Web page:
I use BPJS [the national health insurance], but I still cannot see the doctor whenever I like because I have to pay for it. (I42; female, aged 37).
I have to pay IDR 500,000 [USD 38] for a consultation with an internist [in private practice, outside BPJS], but I am so satisfied. (I38; female, aged 48).
Strategies for coping with internal diabetes distress
The strategies for coping with internal DD were spirituality, positive attitude, acceptance and getting more information about T2DM. The interview guidelines (Appendix 1) had no questions related to religion. However, most participants mentioned religion as a primary factor and the one with the most influence on their lives, especially when asked about the five questions related to emotional burden. It appeared from the interviews that acknowledging T2DM is a more common disease amongst older adults made coping with the disease and accepting being a T2DM outpatient easier.
Well, I never get angry when suffering from diabetes. I just feel grateful to God for having given me this diabetes. Diabetes is a gift from God to make me realise the need to manage my diet as well as to enjoy my life. (I1, female, aged 68).
I am sometimes afraid that my blood sugar level will rise if I think about it. Then I tried to relax. I free my mind. I remind myself that I attend my monthly checks and take my medicine consistently. (I42; female, aged 37).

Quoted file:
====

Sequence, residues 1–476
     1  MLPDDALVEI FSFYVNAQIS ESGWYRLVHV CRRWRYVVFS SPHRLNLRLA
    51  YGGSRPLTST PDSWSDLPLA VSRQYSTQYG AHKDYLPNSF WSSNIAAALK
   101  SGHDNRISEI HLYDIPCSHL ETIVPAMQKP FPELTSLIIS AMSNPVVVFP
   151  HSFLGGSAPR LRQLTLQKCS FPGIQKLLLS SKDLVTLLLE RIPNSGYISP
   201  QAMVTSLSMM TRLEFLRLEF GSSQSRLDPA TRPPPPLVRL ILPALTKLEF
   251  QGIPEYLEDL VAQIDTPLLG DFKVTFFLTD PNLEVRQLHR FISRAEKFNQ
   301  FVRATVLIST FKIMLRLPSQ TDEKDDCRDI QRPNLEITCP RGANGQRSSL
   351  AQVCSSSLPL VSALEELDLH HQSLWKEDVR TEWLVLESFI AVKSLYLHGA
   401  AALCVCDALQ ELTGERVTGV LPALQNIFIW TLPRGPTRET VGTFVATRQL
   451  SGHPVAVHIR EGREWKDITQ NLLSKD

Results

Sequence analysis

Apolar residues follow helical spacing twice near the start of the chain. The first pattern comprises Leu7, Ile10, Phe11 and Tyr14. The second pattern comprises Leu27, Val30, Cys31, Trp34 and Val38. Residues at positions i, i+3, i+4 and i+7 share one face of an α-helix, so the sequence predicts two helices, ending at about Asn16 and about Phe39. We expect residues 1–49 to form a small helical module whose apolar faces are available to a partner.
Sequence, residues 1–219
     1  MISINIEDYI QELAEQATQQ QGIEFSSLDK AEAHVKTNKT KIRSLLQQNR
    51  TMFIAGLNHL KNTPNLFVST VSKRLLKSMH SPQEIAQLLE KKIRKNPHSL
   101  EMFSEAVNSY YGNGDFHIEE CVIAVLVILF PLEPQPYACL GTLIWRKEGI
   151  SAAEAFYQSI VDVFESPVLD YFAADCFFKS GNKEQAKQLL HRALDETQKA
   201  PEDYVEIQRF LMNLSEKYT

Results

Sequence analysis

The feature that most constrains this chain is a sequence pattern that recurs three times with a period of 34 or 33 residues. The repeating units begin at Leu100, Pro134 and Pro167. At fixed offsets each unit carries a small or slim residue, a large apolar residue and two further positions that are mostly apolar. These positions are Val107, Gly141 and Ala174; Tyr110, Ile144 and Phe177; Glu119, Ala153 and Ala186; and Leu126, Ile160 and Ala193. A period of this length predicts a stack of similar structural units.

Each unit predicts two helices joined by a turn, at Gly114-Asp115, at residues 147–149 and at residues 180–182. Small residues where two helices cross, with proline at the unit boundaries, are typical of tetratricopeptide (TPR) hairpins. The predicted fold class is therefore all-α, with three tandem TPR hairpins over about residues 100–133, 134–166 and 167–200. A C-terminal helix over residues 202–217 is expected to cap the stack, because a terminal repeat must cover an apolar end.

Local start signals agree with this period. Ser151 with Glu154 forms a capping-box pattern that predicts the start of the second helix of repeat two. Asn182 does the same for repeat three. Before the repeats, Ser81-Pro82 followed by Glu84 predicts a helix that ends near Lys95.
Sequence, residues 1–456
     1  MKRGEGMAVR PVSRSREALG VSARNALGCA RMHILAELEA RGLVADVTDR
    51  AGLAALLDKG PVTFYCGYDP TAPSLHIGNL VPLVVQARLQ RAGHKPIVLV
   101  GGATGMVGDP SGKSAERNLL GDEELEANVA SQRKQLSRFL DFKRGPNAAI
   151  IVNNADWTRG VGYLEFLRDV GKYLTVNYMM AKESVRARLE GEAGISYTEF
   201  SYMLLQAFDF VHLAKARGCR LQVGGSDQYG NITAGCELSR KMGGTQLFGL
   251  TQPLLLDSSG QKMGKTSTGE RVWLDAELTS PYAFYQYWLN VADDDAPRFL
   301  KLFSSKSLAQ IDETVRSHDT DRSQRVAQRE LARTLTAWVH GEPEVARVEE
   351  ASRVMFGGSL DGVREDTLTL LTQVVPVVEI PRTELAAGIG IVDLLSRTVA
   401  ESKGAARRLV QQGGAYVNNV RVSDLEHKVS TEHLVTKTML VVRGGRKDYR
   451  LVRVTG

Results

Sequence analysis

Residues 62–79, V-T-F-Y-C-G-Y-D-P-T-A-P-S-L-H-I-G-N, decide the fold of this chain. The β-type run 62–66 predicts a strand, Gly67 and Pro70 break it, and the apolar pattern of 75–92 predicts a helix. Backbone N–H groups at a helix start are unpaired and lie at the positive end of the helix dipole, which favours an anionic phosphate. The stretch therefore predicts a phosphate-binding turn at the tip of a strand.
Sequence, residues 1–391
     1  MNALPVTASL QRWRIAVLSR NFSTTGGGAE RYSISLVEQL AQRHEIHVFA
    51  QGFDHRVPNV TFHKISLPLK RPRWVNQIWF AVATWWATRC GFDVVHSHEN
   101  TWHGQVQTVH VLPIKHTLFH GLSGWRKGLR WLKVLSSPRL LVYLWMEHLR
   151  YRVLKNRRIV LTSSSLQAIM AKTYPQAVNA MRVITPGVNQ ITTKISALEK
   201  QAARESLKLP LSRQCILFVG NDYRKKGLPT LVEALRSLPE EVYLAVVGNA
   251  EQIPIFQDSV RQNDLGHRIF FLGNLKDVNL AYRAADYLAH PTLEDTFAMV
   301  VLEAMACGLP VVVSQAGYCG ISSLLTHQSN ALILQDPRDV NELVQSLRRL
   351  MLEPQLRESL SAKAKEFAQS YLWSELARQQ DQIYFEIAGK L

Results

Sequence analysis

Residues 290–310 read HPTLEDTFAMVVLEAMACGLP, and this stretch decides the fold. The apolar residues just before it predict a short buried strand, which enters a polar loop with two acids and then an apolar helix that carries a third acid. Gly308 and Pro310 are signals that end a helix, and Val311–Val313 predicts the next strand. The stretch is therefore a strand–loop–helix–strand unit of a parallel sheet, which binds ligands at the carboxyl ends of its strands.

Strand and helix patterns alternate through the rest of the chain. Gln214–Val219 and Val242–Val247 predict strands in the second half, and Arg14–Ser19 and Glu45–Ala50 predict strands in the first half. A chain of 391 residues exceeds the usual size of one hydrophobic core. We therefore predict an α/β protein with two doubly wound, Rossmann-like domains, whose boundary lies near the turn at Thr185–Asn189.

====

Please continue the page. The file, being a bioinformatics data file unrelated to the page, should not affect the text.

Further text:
I do not think about how hard it is to live with T2DM. (I42; female, aged 37).
Getting more information about T2DM
Participants understood that exercise and a healthy diet were parts of their T2DM therapy. Most of the participants also reported the television as a source of information about T2DM. Another strategy was to join other T2DM programmes, such as T2DM club activities. In addition to being informed by doctors and internists, the clubs would also let them share their experiences with other T2DM patients. At these meeting, participants were also given the opportunity to ask questions about certain types of food and drinks that are recommended for T2DM; thus, clearing any discrepancy surrounding dietary allowance.
Every month, during every visit to the PHC, I always asked my doctor about the development of my diabetes. I would also recount my experiences after taking medicine. Even If I am just injured, I consult my doctor about it. (I1, female, aged 68).
I know from my doctor that what we should avoid are […] sweet beverages and fatty meat. For example, when we go to ‘aqiqah’ (a Muslim social activity), goat meat is a type of food that should be avoided. (I33; male, 70).
I follow the advice for diabetes patients with the number of calories, schedule of eating and type of food. (I33, male, aged 70).
Strategies to cope with external DD
The coping strategies for external factors consisted of the following: healthcare support, traditional medicine, vigilance, self-management, social and family support and obtaining information about health insurance.
They have started “senam”(callisthenics) sessions with instructors. They give us a copy of the exercise routines. (I25; male, aged 67).
I still drink a herbal extract labelled “sarang semut” (Myrmecodia platyrea), but I do not tell the doctor (I3; female, aged 56).
Participants mentioned paying close attention to particular meals, for example, food with potential negative impacts on T2DM had to be avoided.